Activist Byllye Avery once said that “purple puts us in touch with the part of ourselves that is regal. Purple is the queen in all women; it helps us keep our backs straight and heads held high.” Although some will argue that it's not a real color (more on that below), many cultures and religions throughout history have treated purple as the color of royalty and luxury. Here are five facts about this fabulously unique color.

1. Tyrian purple was expensive to make.

Tyrian purple, sometimes called Phoenician purple, is a reddish-purple pigment first produced around 1600 BCE. As Pliny the Elder explains in The Natural History, it was made from the secretion of decomposing tropical sea snails. It was complicated and time-consuming to make a garment using the hue, as it took days for the dye to develop the right shade of purple. It also apparently smelled really bad.

Since the production was so intensive, garments made with the dye were extremely expensive to purchase. Only nobility could afford it. When the production formula was released in 60 CE, Emperor Nero banned the color for all others. He created a sumptuary law that made it a crime—punishable by death—anyone other than himself to wear the shade. The color fell out of use during the 1400s and wasn't discovered again for centuries. Today, there are some who still make the dye, but the practice is rare due to the widespread use of artificial dyes and the diminishing snail population. 

2. Various cultures view purple as the color of royalty.

Many cultures and religions revered purple, largely because of its scarcity. In China, purple dye was made out of purple gromwell, a plant native to eastern Asia. The dye didn’t always stick to fabric, so using it for clothing was extremely expensive. The Byzantine Empire believed purple to be a gift from God. The oldest surviving text of the New Testament, the Codex purpureus Rossanensis, is on purple pages with gold and silver lettering. The births of emperors born into power took place in purple rooms to distinguish them from those who only rose to power by war.

The Romans weren't the only ones to ban non-royalty from wearing the coveted color. In 1547, Henry Howard, the Earl of Surrey, was charged and executed for committing treason against Henry VIII after, in part, being seen wearing the color of the king. Henry VIII’s daughter Elizabeth I also refused to let anyone but royalty wear the color. 

3. Technically, purple doesn’t exist.

There are seven colors within the visible spectrum of light: red, orange, yellow, green, blue, indigo, and violet. Each color has its own corresponding wavelength and frequencies. When these waves overlap, they create a new color. Sir Isaac Newton made this discovery in the 1600s, when he discovered that white light is a mix of all seven colors bouncing back and being perceived by the receptors in the eyes.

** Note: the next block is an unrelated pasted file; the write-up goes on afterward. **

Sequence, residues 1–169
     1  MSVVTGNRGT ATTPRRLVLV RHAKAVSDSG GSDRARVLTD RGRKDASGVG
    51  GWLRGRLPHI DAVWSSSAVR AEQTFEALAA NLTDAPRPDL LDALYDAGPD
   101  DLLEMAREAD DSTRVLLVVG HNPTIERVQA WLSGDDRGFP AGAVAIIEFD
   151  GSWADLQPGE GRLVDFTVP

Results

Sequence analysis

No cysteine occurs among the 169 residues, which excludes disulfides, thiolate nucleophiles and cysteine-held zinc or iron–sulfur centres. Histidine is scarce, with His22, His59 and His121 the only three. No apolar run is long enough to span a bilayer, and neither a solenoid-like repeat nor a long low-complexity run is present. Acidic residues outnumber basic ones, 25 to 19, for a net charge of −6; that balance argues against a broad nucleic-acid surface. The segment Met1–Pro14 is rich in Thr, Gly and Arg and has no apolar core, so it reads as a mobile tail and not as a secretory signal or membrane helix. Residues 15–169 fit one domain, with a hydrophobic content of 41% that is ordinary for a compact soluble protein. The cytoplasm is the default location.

Purple is a mix of the red and blue waves overlapping as they bounce back. Purple (and all it shades) are the colors our brain interprets when looking at red and blue together. While some people may point out that violet is a spectral color, violet is not purple. Although they're often used interchangeably and look extremely similar to each other to the naked eye, they're different. For one, violet surpasses blue on the visible spectrum and has the shortest wavelength. Furthermore, as Minute Physics explains, what we call violet should actually be considered blue, and what we call blue should be considered cyan. 

4. Carrots used to be purple.

When we think of carrots, we think of the bright orange vegetable that Bugs Bunny eats while asking “what’s up, doc?” Today, carrots are mainly orange, but this wasn’t always the case. The earliest record of carrot cultivation comes from 10th-century Persia. These veggies were purple and white with thin roots.

While there may have been orange carrots then, they were a rare mutation. It's believed that in the 16th century, Dutch growers started developing orange carrots using the mutated strains to produce a sweeter vegetable. While purple carrots still exist today, they aren’t as common as their orange counterparts.

5. There actually are words that rhyme with purple.

Contrary to popular belief, there are words that rhyme with purple. Hirple and curple are the two most common rhymes. Hirple means to hobble or walk with a limp, while curple means buttocks. There’s also slang such as nurple, which comes from purple nurple, or the action of violently twisting a person’s nipple. However, words like circle, herbal, and turtle still technically rhyme with purple. These are called half-rhymes, or imperfect rhymes.